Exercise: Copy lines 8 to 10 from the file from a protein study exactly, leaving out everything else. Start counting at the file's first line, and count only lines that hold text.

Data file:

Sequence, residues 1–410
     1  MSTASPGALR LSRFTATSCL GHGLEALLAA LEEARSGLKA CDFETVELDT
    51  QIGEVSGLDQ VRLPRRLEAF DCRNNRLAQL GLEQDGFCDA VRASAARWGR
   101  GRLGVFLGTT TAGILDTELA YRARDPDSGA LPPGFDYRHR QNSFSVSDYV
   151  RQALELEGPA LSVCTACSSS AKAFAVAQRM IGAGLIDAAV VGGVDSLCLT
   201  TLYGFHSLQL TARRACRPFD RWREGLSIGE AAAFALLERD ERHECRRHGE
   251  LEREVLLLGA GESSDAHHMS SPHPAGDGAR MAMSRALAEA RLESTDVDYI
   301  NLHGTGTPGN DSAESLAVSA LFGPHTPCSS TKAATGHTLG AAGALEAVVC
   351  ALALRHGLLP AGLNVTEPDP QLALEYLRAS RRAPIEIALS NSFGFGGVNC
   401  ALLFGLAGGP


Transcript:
   301  NLHGTGTPGN DSAESLAVSA LFGPHTPCSS TKAATGHTLG AAGALEAVVC
   351  ALALRHGLLP AGLNVTEPDP QLALEYLRAS RRAPIEIALS NSFGFGGVNC
   401  ALLFGLAGGP